Identifying disease causing genes and understanding their molecular mechanisms are essential to developing effective therapeutics. Thus, several computational methods have been proposed to prioritize candidate disease genes by integrating different data types, including sequence information, biomedical literature, and pathway information. Recently, molecular interaction networks have been incorporated to predict disease genes, but most of those methods do not utilize invaluable disease-specific information available in mRNA expression profiles of patient samples.
Through the integration of protein-protein interaction networks and gene expression profiles of acute myeloid leukemia (AML) patients, we identified subnetworks of interacting proteins dysregulated in AML and characterized known mutation genes causally implicated to AML embedded in the subnetworks. The analysis shows that the set of extracted subnetworks is a reservoir rich in AML genes reflecting key leukemogenic processes such as myeloid differentiation,
We showed that the integrative approach both utilizing gene expression profiles and molecular networks could identify AML causing genes most of which were not detectable with gene expression analysis alone due to their minor changes in mRNA.
PMCID: PMC3041561  PMID: 21347161
11.  Integrating Automated Workflows, Human Intelligence and Collaboration 
Many methods and tools have evolved for microarray analysis such as single probe evaluation, promoter module modeling and pathway analysis. Little is known, however, about optimizing this flow of analysis for the flexible reasoning biomedical researchers need for hypothesizing about disease mechanisms. In developing and implementing a workflow, we found that workflows are not complete or valuable unless automation is well-integrated with human intelligence. We present our workflow for the translational problem of classifying new sub-types of renal diseases. Using our workflow as an example, we explain opportunities and limitations in achieving this necessary integration and propose approaches to guide such integration for the next great frontier-facilitating exploratory analysis of candidate genes.
PMCID: PMC3041562  PMID: 21347175
12.  Development of an Agile Knowledge Engineering Framework in Support of Multi-Disciplinary Translational Research 
In October 2006, the National Institutes of Health launched a new national consortium, funded through Clinical and Translational Science Awards (CTSA), with the primary objective of improving the conduct and efficiency of the inherently multi-disciplinary field of translational research. To help meet this goal, the Ohio State University Center for Clinical and Translational Science has launched a knowledge management initiative that is focused on facilitating widespread semantic interoperability among administrative, basic science, clinical and research computing systems, both internally and among the translational research community at-large, through the integration of domain-specific standard terminologies and ontologies with local annotations. This manuscript describes an agile framework that builds upon prevailing knowledge engineering and semantic interoperability methods, and will be implemented as part this initiative.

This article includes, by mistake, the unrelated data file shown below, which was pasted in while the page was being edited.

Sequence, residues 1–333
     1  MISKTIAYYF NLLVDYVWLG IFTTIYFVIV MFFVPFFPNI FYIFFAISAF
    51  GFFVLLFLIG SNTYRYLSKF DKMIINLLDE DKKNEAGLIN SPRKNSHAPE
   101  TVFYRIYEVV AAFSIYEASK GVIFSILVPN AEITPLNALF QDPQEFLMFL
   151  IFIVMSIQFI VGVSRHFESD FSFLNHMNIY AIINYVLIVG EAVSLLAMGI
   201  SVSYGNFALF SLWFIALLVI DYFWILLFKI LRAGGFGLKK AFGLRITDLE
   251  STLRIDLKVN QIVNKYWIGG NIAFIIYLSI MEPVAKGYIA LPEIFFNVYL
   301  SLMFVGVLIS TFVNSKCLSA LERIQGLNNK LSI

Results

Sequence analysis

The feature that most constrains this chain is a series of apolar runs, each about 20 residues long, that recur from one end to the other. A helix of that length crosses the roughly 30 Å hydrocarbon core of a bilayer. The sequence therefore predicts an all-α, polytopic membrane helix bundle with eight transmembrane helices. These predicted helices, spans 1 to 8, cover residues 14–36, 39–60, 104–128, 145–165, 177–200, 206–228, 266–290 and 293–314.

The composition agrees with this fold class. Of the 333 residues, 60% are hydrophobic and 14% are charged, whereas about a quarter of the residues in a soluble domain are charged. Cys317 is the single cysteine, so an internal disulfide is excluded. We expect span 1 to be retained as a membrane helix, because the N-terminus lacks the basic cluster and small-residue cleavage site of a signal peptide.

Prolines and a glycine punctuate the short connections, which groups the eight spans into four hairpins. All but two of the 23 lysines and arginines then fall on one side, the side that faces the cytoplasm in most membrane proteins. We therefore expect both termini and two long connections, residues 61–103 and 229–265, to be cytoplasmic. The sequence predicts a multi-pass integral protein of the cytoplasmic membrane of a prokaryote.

PMCID: PMC3041563  PMID: 21347164
13.  Automatically Classifying Sentences in Full-Text Biomedical Articles into Introduction, Methods, Results and Discussion 
Biomedical texts can be typically represented by four rhetorical categories: introduction, methods, results and discussion (IMRAD). Classifying sentences into these categories can benefit many other text-mining tasks. Although many studies have applied approaches to automatically classify sentences in MEDLINE abstracts into the IMRAD categories, few have explored the classification of sentences that appear in full-text biomedical articles. We explored different approaches to automatically classify a sentence in a full-text biomedical article into the IMRAD categories. Our best system is a support vector machine classifier that achieved 81.30% accuracy, which is significantly higher than baseline systems.
PMCID: PMC3041564  PMID: 21347163
14.  Agent-Based Modeling Supporting the Migration of Registry Systems to Grid Based Architectures 
With the increasing age and cost of operation of the existing NCI SEER platform core technologies, such essential resources in the fight against cancer as these will eventually have to be migrated to Grid based systems. In order to model this migration, a simulation is proposed based upon an agent modeling technology. This modeling technique allows for simulation of complex and distributed services provided by a large scale Grid computing platform such as the caBIG™ project’s caGRID. In order to investigate such a migration to a Grid based platform technology, this paper proposes using agent-based modeling simulations to predict the performance of current and Grid configurations of the NCI SEER system integrated with the existing translational opportunities afforded by caGRID. The model illustrates how the use of Grid technology can potentially improve system response time as systems under test are scaled. In modeling SEER nodes accessing multiple registry silos, we show that the performance of SEER applications re-implemented in a Grid native manner exhibits a nearly constant user response time with increasing numbers of distributed registry silos, compared with the current application architecture which exhibits a linear increase in response time for increasing numbers of silos.